The biggest hurdle was the implementation of our abstract level design into a three-dimensional game world. One cannot simply load the whole level into the game engine’s scene graph, because there are unnatural jumps and overlaps that prevent the level from being displayed thoroughly. So we developed an algorithm that determines, based on the players position and viewport, what part of the level is to be displayed at a time. This algorithm must be called whenever the player moves or changes the viewing angle.

Responsibilites within the Team

While Timo’s main task was the creation of textures and 3D models, Marcus and I focussed on the implementation of the game’s logic and graphics. We all participated in the recording of the sounds which I have mixed and cut afterwards.


Given the short period of time and limited manpower we are satisfied by the outcome of the project. There are two issues left unsolved. The first results in unshaded walls due to a problem with the way our textures got rendered by the engine. The second is a graver one, as it pertains the algorithm for rebuilding the scene graph. The algorithm itself works but it is not always triggered at the correct spots, which results in the level not being rebuilt properly. In the worst case, the player falls into void, because there is no floor underneath. When playing the demo, one can avoid that by going back and forth to trigger the rebuilding process, whenever the level is rendered faultily.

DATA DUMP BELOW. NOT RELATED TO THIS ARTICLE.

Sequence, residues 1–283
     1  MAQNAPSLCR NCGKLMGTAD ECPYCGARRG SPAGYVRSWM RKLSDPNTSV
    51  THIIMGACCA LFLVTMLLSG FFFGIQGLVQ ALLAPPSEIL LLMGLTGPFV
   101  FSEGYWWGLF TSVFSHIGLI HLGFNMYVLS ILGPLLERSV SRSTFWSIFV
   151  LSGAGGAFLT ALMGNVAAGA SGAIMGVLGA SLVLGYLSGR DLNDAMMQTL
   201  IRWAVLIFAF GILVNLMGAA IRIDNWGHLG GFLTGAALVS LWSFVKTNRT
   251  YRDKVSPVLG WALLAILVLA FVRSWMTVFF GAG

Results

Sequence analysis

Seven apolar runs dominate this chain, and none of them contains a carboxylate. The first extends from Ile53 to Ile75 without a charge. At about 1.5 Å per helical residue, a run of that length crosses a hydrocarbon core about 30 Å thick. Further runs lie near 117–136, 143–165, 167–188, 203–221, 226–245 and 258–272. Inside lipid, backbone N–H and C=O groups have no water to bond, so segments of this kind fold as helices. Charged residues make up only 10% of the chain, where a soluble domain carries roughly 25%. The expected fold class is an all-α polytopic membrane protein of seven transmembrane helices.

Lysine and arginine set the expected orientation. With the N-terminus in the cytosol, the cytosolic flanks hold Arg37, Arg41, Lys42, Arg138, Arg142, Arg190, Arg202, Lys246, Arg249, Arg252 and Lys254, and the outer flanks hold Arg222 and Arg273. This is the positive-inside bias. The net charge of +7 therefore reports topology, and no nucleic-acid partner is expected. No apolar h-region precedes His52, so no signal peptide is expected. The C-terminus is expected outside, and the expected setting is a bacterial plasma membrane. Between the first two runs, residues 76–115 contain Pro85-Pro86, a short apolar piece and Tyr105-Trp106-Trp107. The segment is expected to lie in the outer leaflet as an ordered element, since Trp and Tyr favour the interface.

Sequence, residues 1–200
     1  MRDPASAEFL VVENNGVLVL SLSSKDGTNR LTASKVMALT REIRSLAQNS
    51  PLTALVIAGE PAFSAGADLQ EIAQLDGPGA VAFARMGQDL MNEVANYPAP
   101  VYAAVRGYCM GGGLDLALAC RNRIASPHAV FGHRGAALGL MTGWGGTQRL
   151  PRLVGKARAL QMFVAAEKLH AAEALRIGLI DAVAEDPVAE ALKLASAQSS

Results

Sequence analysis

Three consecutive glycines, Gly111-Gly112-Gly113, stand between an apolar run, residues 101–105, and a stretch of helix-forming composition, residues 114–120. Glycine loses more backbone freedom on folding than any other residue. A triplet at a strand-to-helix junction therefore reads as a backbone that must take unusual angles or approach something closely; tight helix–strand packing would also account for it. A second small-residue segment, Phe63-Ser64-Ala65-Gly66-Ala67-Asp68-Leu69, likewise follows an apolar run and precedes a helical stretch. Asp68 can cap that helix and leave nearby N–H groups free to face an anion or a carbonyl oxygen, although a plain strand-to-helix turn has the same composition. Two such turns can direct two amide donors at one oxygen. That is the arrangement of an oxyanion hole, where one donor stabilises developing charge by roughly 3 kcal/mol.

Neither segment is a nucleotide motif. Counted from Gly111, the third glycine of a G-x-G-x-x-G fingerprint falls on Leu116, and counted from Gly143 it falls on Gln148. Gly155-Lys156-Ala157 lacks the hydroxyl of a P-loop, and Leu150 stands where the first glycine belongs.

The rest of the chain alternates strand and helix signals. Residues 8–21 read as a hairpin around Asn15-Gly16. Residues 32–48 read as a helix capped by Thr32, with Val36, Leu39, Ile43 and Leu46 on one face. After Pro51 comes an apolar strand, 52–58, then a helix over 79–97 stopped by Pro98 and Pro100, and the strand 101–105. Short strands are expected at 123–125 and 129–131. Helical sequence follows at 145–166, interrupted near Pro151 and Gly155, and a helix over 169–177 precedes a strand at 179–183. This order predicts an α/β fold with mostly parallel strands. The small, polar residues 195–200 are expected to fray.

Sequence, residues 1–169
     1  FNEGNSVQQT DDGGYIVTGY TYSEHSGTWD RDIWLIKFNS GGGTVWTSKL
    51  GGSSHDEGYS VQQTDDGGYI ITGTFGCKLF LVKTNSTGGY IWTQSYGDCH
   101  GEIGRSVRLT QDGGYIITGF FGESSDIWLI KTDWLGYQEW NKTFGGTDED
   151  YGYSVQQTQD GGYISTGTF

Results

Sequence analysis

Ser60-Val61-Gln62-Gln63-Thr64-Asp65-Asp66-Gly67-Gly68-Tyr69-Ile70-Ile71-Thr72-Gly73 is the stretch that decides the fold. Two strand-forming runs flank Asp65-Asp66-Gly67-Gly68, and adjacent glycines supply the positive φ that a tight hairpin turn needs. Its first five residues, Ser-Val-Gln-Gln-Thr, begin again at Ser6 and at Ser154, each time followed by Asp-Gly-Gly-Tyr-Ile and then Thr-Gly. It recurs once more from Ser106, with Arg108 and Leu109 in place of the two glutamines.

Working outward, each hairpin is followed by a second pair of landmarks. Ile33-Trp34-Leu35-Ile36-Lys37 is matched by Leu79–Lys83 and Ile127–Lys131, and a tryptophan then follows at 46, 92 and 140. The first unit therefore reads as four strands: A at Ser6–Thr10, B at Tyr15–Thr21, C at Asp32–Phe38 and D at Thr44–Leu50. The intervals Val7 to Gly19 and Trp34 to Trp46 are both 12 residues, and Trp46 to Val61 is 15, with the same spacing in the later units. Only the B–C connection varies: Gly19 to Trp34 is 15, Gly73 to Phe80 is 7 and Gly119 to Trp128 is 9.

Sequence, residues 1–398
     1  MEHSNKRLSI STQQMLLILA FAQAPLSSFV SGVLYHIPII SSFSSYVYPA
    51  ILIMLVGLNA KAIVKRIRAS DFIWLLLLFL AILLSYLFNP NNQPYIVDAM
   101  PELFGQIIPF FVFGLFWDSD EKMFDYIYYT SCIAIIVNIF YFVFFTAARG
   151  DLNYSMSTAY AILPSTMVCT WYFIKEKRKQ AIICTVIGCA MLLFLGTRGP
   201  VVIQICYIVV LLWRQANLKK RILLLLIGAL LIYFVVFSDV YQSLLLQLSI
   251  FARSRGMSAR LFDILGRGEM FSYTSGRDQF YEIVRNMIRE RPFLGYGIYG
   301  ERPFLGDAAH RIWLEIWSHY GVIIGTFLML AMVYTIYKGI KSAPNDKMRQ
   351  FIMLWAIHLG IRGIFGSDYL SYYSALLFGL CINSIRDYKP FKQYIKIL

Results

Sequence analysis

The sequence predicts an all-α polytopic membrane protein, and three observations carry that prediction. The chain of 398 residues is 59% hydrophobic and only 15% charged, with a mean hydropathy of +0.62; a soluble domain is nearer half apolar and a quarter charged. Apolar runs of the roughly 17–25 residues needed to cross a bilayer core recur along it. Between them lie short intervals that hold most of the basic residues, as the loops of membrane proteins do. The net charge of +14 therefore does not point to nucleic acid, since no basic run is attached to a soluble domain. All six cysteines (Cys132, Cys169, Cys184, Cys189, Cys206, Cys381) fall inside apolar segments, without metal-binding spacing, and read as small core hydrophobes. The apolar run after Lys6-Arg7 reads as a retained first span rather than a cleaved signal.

Future development is not currently planned as we are all occupied by other tasks and the whole project was limited to the duration of the lecture. But we consider releasing the whole game under a free licence to encourage others to join development. I will promote this on my blog, as soon as we decide to go that route.


A playable demo is available for download. As mentioned above it contains bugs, but should be fine enough for demonstrating our ideas and concepts.

Evolution XPert for Pokémon GO

📜 Archived

Evolution XPert is an assistant app for the highly popular augmented reality game Pokémon GO which helps players optimize their evolution XP gain. The application deduces the right amount of Pokémon of a particular kind to transfer in order to maximize the amount of possible evolutions.

If this sounds like some nerdy gibberish to you but you would like to understand what all this is about, have a look at “Understanding the strategy”.

Understanding the strategy

The exciting new thing about Pokémon GO is that it actually makes you run around outside instead of sitting at your desk all day, but if you leave that fact aside it is still an RPG game. If you just “wanna catch em all” this should not be of much concern to you but there are many players out there who strive to reach higher and higher levels in order to catch higher and higher CP Pokémon which will enable them to conquer gyms or just show off (yeah, people actually do that).